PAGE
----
Thursday, February 08, 2007

German Film and Migration - A History of Perception

At Home Abroad
German Film and Migration - A History of Perception

Georg Seesslen [1]
Source: German Films | Full Text From Mavi Boncuk Archives

"Angst fressen Seele auf" (photo courtesy of Filmmuseum Berlin/Deutsche Kinemathek) "Katzelmacher" (photo courtesy of Filmmuseum Berlin/Deutsche Kinemathek) "Erkan & Stefan" (photo courtesy of Hofmann & Voges Filmproduktion) "dealer" (photo courtesy of Trans-Film)

In the objective language of the encyclopedia, the word "migration" means "the itinerant motion of human individuals or groups resulting in a change of residence that is more than short-term." In addition, a division is made into "emigration" (leaving a country), "immigration" (entering a country) and the rarer form "permigration" (passing through a country); finally, political law distinguishes between legal and illegal migration. Seen from this point of view, migration is a movement in history expressed by figures and laws, and illustrated by brightly-colored arrows on maps. But for the individual, migration means no less than destiny; a life between fear and hope, between alienation and integration. These are stories that must be told, to aid understanding and the understanding of self, or because migration is mankind's story per se, with all its perceptions and feelings, with all its dramas and grotesques. And there are few media as capable of describing migration and its consequences in such a precise, sensual way as the cinema.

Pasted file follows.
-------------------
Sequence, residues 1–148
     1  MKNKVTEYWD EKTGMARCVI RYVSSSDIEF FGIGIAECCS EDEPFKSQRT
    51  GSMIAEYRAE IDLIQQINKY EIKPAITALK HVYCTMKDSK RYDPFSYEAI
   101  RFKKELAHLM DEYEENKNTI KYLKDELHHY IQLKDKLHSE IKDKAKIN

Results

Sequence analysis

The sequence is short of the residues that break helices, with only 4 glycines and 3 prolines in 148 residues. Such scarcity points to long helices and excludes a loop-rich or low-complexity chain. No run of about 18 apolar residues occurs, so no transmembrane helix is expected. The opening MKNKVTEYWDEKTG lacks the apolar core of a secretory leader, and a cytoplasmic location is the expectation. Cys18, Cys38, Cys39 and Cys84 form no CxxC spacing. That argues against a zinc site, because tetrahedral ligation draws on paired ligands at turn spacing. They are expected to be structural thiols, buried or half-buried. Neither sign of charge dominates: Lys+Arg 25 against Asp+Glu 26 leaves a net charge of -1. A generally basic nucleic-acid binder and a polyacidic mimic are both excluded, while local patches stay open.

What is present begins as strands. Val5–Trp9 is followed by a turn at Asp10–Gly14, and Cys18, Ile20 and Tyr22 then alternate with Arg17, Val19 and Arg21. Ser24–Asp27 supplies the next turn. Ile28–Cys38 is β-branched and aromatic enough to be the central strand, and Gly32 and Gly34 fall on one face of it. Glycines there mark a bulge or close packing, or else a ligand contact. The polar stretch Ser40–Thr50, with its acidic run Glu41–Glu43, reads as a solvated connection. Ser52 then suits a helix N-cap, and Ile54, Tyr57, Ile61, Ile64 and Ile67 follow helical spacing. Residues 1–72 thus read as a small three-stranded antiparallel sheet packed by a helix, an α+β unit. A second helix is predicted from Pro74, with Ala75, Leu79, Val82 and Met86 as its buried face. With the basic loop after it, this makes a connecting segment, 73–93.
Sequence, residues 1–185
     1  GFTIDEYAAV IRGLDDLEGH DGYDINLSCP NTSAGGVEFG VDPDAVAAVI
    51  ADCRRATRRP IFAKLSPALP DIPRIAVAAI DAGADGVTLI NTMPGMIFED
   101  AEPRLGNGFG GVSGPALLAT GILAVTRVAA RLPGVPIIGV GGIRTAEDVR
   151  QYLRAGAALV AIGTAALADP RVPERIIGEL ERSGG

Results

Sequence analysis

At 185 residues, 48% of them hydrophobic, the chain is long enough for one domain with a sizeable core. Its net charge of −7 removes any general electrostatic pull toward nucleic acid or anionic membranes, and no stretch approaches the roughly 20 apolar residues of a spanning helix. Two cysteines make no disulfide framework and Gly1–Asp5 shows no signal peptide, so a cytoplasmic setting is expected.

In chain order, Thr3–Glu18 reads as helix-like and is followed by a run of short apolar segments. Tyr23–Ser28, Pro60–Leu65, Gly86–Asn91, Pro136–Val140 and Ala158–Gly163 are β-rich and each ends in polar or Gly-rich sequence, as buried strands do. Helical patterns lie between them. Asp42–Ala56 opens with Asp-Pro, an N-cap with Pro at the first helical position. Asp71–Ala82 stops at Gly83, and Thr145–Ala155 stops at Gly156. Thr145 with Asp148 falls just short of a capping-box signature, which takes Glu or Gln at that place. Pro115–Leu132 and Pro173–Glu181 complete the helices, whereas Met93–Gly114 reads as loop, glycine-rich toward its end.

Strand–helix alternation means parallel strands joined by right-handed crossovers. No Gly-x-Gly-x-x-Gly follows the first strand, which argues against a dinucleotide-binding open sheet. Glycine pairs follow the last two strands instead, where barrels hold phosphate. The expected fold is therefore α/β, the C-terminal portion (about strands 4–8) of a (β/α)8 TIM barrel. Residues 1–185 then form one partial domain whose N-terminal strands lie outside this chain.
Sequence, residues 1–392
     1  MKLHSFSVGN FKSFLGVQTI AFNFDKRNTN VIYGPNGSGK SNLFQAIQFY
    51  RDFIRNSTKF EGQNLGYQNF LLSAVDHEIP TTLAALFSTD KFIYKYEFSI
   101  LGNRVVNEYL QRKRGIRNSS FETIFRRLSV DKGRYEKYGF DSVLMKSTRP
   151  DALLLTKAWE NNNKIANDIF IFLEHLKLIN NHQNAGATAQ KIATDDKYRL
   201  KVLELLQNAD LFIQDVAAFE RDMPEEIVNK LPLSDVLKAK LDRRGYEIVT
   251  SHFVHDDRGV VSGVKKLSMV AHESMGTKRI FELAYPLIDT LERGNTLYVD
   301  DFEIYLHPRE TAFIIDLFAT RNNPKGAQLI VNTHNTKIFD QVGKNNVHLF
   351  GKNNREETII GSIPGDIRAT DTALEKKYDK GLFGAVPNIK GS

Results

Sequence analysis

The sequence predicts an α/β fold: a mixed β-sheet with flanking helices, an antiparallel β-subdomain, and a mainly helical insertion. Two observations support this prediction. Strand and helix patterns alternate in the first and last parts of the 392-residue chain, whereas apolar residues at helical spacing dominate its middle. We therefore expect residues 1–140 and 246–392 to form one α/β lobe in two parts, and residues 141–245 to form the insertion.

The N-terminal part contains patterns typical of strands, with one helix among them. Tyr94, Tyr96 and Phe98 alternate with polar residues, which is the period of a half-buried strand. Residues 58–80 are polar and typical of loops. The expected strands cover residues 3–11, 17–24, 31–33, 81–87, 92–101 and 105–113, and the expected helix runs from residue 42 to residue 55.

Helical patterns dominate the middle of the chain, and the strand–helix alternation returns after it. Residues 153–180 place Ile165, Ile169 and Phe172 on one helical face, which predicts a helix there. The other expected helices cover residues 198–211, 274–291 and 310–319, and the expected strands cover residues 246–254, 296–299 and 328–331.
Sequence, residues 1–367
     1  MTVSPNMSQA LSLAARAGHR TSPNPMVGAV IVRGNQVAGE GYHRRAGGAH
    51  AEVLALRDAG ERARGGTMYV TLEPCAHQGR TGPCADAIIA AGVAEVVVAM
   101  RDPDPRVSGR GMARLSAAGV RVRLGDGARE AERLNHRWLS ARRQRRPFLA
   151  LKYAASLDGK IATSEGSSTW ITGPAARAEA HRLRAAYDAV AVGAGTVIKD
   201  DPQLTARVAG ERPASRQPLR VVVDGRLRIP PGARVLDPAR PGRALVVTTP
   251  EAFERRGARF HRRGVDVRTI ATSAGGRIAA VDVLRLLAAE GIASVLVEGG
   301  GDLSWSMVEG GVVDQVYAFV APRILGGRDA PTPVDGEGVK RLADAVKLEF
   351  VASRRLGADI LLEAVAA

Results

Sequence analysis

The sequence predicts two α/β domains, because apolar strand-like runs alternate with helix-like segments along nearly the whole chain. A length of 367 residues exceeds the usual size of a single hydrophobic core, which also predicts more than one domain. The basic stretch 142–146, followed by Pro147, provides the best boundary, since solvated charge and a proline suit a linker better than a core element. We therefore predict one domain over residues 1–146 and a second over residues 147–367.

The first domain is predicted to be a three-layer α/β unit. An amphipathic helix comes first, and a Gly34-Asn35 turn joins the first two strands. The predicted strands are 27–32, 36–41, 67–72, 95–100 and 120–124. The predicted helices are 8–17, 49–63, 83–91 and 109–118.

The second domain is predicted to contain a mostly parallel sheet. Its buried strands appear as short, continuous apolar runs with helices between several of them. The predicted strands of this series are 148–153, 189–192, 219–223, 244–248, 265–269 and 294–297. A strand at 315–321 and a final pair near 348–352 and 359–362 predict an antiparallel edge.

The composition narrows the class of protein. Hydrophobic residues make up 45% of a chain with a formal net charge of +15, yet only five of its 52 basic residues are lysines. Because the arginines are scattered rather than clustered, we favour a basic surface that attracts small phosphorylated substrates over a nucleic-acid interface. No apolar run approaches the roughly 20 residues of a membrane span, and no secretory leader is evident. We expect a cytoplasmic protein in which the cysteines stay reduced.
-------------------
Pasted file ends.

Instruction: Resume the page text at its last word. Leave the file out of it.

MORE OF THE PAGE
Like cinema beure in France and films by Hanif Kureishi in England, third generation cinema - with a delay of one decade - experienced a heyday in Germany during the nineties. The filmmakers formed networks and a number of films also succeeded in gaining acknowledgement at the center of (cinema) culture. Even the cinema of foreignness was developed into a kind of mainstream variation during the nineties; as in Eine unmoegliche Hochzeit (1996, Horst Johann Sczerba), it combined elements of situation comedy with issues of asylum, or as in amusing comedies such as Lupo und der Muezzin, it described minor cultural clashes in the German provinces. Despite the comic tone of such films, they are far from any illusions of trouble-free integration.


"Lola + Bilidikid" (photo © courtesy of zerofilm/Boje-Buck) "Geschwister" (photo courtesy of Trans-Film) "der schoene Tag" (photo courtesy of zerofilm/Pickpocket Film) "Auslandstournee" (photo courtesy of Mira Film)

"Ghetto Kids" (photo © BR) "Elefantenherz" (photo courtesy of Cameo Film) "Urban Guerillas" (photo © 36Pictures) "Kebab Connection" (photo © Georges Pauly)

"Kurz und schmerzlos" (photo © Wueste Film) "Was lebst Du?" (photo © ICON Film/Bettina Braun) "Gegen die Wand" (photo © Wueste Film/Kerstin Stelter)

[1] Film critic and author George Seesslen (* 1948 in Munich) studied painting, history of art and Semiologie in Munich. He lectured at different universities at home and abroad and works as a freelance writer for epd Film, Frankfurter Rundschau, Freitag, Jungle world, konkret, Der Tagesspiegel, taz and DIE ZEIT.

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